Example Research: Critical Discourse Analysis Essay

Words: 9518
Pages: 39

18 Critical Discourse Analysis

0 Introduction: What Is Critical Discourse Analysis?
Critical discourse analysis (CDA) is a type of discourse analytical research that primarily studies the way social power abuse, dominance, and inequality are enacted, reproduced, and resisted by text and talk in the social and political context. With such dissident research, critical discourse analysts take explicit position, and thus want to understand, expose, and ultimately resist social inequality. Some of the tenets of CDA can already be found in the critical theory of the Frankfurt School before the Second World War (Agger 1992b; Rasmussen 1996). Its current focus on language and discourse was initiated with the "critical
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1.1 Macro vs. micro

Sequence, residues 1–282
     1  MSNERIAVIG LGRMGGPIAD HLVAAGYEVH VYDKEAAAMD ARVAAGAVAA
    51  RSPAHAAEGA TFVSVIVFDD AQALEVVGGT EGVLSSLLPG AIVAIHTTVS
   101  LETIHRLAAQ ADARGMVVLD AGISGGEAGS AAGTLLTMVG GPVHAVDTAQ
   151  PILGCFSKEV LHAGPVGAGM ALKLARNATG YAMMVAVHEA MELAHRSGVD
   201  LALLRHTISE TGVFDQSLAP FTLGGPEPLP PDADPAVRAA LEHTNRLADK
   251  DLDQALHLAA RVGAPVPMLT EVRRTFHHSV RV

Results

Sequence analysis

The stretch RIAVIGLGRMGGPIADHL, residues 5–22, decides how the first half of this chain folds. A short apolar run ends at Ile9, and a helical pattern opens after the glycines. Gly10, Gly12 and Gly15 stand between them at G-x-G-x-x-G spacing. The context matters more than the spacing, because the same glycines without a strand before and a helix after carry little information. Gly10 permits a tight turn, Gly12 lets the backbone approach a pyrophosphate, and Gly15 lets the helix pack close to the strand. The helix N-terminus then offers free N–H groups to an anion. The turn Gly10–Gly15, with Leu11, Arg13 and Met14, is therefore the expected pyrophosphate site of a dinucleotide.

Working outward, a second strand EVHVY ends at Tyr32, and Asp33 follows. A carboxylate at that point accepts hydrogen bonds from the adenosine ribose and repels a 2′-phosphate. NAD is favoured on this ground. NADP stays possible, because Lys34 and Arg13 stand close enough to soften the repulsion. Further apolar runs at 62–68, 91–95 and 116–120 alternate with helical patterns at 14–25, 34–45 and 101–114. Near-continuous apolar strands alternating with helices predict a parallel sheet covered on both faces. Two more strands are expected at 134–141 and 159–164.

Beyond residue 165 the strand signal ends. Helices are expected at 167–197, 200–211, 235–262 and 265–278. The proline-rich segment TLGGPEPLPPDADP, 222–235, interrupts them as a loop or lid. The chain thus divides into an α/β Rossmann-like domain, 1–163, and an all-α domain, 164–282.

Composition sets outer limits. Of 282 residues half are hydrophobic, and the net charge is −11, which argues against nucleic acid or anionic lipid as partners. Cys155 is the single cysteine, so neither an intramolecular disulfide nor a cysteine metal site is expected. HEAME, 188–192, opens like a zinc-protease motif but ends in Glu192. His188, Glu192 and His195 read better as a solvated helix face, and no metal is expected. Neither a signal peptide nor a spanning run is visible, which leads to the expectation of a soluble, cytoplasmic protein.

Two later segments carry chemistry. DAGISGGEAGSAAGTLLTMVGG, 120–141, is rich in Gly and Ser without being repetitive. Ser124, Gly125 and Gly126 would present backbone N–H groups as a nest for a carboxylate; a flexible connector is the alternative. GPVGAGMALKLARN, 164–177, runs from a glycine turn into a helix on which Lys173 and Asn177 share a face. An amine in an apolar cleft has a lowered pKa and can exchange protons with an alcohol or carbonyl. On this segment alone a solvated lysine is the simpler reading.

Language use, discourse, verbal interaction, and communication belong to the microlevel of the social order. Power, dominance, and inequality between social groups are typically terms that belong to a macrolevel of analysis. This means that CDA has to theoretically bridge the well-known "gap" between micro and macro approaches, which is of course a distinction that is a sociological construct in its own right (Alexander et al. 1987; Knorr-Cetina and Cicourel 1981). In everyday interaction and experience the macro- and microlevel (and intermediary "mesolevels") form one unified whole. For instance, a racist speech in parliament is a discourse at the microlevel of social interaction in the specific situation of a debate, but at the same time may enact or be a constituent part of legislation or the reproduction of racism at the macrolevel. There are several ways to analyze and bridge these levels, and thus to arrive at a unified critical analysis: Members–groups: Language users-engage in discourse as members of (several) social groups, organizations, or institutions; and conversely, groups thus may act "by" their members. 2 Actions–process: Social acts of individual actors are thus constituent parts of group actions and social processes, such as legislation, newsmaking, or the reproduction of racism. 3 Context–social structure: Situations of discursive interaction are similarly part or constitutive of social structure; for example, a press conference